HOUSTON -- Major League Baseball commissioner Rob Manfred is deferring to the Native American community in and around Atlanta on whether it's appropriate for the Braves to be encouraging the tomahawk chop gesture when the World Series is there for Games 3-5 this weekend.
"It's important to understand we have 30 markets around the country," Manfred said before Game 1 between the Braves and Astros on Tuesday evening. "They're not all the same. The Braves have done a phenomenal job with the Native American community."
Manfred said the Native American community in the Atlanta region "is wholly supportive of the Braves program, including the chop. For me, that's the end of the story."
However, opinions on the gesture have varied over the years within Native American communities, including some with ties to the region. The National Council of American Indians has called for the franchise to drop the chop as well as the team nickname.
The issues have taken on greater relevance this year as the Cleveland organization changed its longtime nickname from the Indians to the Guardians. Manfred's answer on a possible nickname change for Atlanta was the same as it was for the chop: This is a local issue.
"Each market is different," he reiterated. "Way before this became an issue, Atlanta cultivated a relationship with the Native American community which was very helpful in terms of making decisions like the two that have been raised."
MLB players union head Tony Clark said he is interested in having a conversation about anything in baseball that impacts social issues. This is one of them.
"An issue that yields or excites the kind of commentary that you're seeing in Atlanta is worthy of some dialogue," Clark said. "I know that there are certain things that as a Black man resonate with me, and we'll assume that there are instances that resonate with others as well. And to the extent that that's one of them, then it's worthy of some dialogue."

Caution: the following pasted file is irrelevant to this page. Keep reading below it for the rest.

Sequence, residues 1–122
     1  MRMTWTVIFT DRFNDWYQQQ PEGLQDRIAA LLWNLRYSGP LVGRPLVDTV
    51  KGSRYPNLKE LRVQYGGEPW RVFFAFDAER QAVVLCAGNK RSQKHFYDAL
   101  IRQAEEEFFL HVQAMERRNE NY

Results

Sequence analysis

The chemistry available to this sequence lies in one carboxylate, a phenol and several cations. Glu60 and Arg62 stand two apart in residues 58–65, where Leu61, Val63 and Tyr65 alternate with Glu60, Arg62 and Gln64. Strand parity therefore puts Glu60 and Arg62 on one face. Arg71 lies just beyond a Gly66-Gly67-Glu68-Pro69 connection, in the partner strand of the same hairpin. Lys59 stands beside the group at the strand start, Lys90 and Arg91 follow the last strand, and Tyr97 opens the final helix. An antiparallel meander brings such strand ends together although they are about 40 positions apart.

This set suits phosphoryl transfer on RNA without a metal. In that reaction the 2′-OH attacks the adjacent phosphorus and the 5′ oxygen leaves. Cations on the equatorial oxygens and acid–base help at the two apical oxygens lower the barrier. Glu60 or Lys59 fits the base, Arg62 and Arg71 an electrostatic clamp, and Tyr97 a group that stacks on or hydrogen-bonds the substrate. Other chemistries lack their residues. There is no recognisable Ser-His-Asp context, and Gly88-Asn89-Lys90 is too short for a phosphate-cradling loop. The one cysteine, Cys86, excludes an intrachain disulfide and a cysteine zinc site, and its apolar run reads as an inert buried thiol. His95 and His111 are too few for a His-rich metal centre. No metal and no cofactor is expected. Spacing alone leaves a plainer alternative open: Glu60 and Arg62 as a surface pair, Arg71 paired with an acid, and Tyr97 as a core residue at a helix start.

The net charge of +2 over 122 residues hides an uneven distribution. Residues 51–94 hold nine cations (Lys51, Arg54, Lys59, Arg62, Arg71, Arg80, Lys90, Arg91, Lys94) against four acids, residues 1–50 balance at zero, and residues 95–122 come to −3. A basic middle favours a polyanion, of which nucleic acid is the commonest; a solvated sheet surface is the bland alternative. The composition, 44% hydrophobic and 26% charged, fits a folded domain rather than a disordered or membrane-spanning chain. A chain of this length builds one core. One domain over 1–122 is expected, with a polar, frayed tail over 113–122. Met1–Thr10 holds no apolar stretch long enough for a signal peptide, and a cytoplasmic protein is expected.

Manfred was asked whether his opinion might change if Native American communities outside of the Atlanta market took issue with the gesture.
"We don't market our game on a nationwide basis," Manfred said. "Ours is an everyday game. You have to sell tickets every single day to fans in that market. And there are all sorts of differences among the clubs, among the regions as to how the game is marketed."
Atlanta took measures to reduce encouragement of it but has since reinstated it. It has been prevalent during the Braves' home games this postseason.
Atlanta will host the middle games of the World Series just months after Manfred moved the All-Star Game from there to Denver due to voting rights issues in Georgia. He was worried some players might protest playing in the game, sources said at the time. The commissioner was asked Tuesday whether it's getting harder for sports to stay out of political issues.
"Harder than it used to be," he said. "We have always tried to be apolitical. There was a notable exception this year. Our desire is to try and avoid another exception to that general rule.
"We have a fan base that is diverse with different points of view. We'd like to keep the focus on the field."
Another pregame topic was the upcoming end to the current collective bargaining agreement between the league and the players union. It is set to expire on Dec. 1. If a new deal isn't reached, there's a chance the owners will lock out the players.
"It's our No. 1 priority," Manfred said. "The win in collective bargaining is you make an agreement."
Most of the important financial issues haven't been decided on, according to sources close the negotiations, but both sides are putting up a front of optimism with five weeks to go.
"We have, at this point, taken advantage of the days that we had at the All-Star Game, and we anticipate taking advantage of the days that we have leading up to and through the expiration," Clark said.
Manfred added: "The most important point is I know our clubs are 100 percent committed to the idea that they want an agreement by Dec. 1."
Potential on-field rule changes will be a topic of discussion during CBA negotiations as well. The length of a game -- up about three minutes this year to 3:10 -- is foremost on the commissioner's mind. A pitch clock, which is being tested at other levels of baseball, is becoming a real possibility.
"There's going to come a point in time where the pressure to make change is going to be sufficient," Manfred said. "I prefer to do it by reaching an agreement with the players."
Information from The Associated Press was used in this report.